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Brand: Jane Ridley

Bertie A Life of Edward VII

by Jane Ridley

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Bertie : A Life of Edward VII

This is the Sunday Times bestseller shortlisted for the Duff Cooper Prize. Edward VII, who gave his name to the Edwardian era but was always known as Bertie, was fifty-nine when he finally came to power and ushered out the Victorian age. The eldest son of Queen Victoria and Prince Albert, Bertie was bullied by both his parents.

Denied any proper responsibilities, the heir to the throne spent his time eating (which earned him the nickname 'Tum Tum'), pursuing women (which Queen Victoria held to be the reason for Albert's early demise), gambling, going to house parties and race meetings, and shooting pheasants. His arranged marriage to the stunning Danish princess Alexandra gave him access to the European dynastic network; but his name was linked with many beauties, including Lillie Langtry and Winston Churchill's mother. This magnificent new biography provides new insight into the playboy prince while painting a vivid portrait of the age in all its excess and eccentricity.

Staff Reviews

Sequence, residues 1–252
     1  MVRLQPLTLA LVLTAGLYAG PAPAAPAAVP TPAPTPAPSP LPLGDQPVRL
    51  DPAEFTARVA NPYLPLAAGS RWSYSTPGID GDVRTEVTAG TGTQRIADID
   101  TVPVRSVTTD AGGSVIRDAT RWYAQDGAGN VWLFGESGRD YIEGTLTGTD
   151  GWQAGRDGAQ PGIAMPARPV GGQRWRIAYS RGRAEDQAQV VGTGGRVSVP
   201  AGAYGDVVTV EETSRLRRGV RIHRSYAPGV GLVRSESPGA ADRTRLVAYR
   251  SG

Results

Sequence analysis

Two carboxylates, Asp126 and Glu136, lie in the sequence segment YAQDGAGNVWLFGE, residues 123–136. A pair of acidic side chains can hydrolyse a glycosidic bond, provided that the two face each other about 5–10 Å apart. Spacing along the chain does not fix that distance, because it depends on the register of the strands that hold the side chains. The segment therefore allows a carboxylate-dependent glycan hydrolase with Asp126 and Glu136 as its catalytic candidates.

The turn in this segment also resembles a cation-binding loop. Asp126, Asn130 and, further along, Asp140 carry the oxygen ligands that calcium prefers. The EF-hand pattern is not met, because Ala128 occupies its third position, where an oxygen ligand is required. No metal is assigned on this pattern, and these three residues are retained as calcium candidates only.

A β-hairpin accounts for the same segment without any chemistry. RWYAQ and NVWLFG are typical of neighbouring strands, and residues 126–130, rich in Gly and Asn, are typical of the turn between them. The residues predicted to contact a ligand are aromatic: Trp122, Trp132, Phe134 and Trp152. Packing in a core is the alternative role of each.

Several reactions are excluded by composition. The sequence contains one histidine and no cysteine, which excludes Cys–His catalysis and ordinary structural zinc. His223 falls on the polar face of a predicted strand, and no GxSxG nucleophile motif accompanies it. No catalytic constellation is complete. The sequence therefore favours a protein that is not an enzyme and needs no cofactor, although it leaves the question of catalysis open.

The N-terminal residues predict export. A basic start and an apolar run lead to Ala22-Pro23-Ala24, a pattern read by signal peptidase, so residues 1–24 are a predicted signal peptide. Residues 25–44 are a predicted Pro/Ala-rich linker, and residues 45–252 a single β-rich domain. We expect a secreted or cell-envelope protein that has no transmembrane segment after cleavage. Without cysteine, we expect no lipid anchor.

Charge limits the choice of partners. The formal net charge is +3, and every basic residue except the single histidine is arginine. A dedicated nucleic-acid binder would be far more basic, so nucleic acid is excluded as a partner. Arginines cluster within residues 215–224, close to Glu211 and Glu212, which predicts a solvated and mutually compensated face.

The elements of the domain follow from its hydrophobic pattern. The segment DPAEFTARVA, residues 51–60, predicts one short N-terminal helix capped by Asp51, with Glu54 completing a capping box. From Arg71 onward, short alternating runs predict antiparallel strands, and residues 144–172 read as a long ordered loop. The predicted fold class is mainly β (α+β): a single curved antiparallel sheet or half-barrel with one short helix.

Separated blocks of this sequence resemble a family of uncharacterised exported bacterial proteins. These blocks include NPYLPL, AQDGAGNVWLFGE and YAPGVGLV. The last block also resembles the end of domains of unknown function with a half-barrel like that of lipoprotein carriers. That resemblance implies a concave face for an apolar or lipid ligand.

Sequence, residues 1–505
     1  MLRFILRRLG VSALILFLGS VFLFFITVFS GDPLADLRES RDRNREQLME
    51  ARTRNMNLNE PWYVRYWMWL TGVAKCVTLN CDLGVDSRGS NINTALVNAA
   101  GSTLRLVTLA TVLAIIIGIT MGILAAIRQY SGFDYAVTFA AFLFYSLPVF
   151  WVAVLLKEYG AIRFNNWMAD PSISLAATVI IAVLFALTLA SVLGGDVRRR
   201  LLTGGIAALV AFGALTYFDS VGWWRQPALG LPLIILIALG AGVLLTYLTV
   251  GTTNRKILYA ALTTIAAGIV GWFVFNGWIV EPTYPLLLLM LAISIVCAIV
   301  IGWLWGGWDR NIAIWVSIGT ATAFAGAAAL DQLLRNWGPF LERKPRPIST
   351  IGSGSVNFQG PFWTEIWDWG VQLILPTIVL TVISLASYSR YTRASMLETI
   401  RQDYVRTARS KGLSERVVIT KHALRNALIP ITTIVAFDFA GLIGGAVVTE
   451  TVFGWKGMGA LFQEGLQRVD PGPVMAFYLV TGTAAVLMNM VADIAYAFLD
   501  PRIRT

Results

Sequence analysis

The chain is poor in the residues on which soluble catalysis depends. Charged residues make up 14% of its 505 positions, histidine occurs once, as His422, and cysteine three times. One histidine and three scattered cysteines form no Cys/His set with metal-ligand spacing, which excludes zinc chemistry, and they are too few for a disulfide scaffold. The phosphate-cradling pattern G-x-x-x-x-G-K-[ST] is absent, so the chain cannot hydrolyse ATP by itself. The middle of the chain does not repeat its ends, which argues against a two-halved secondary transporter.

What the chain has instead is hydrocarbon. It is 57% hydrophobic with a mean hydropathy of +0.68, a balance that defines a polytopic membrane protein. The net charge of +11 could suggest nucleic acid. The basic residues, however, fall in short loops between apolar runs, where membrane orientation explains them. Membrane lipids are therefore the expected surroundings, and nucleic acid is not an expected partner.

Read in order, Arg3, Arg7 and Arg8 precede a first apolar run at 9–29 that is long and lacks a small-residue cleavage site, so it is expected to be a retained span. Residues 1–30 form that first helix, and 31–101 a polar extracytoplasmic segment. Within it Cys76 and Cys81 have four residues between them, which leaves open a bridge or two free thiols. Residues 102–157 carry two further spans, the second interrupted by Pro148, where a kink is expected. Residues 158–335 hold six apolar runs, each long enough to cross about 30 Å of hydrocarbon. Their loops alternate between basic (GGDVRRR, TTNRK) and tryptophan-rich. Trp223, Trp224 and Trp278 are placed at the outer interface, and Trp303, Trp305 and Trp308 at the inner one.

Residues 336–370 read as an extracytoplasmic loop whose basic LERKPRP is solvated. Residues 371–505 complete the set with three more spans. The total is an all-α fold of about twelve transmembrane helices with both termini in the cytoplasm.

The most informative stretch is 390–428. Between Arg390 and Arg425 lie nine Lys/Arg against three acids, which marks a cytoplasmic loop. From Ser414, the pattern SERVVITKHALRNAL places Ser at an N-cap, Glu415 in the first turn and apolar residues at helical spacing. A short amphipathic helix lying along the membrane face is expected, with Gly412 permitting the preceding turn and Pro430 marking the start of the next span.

Jane Ridley's life of Edward VII is a tremendously absorbing read. At nearly six hundred pages there is a wealth of detail in here but her style makes the pages fly past. It is meticulously researched. Jane Ridley had access to the Royal Archives including medical records for Edward and his family which have not been seen before and she has taken all this material and crafted it into a tremendously readable book about a complex and flawed man. Edward is always seen as the playboy Prince known for his affairs, the scandals and the Eat Drink and be Merry lifestyle. This book examines this and you are not short-changed on gossip and speculation, always noted as such. Jane has researched letters and diaries and talked to descendents of Edward and his set to put together a picture of the upper-class Edwardian life with its gambling scandals and house party corridor creeping which meshes well with the story we know. What makes this book special is going beyond this to look at the whole story. Edward the young boy shut out from his parents grand passion, poorly educated, underestimated and overlooked, not clever but not an ass and with compassion and a heart, not given a real role in the monarchy he made the pursuit of pleasure his career. This was the tragedy that led him to say on ascending to the throne "This has come too late". Jane Ridley shows us both his life as lived and the man and the king Edward VII could have been. It is well known under Victoria the image of the Royal Family as a role model was developed what is less well know is how Edward built the role of the Royals as charitable benefactors and espousers of causes. For lovers of biographies or those interested in the turn of the twentieth century this is an absolute must-have. Sally Hughes Assist ant Retail Manager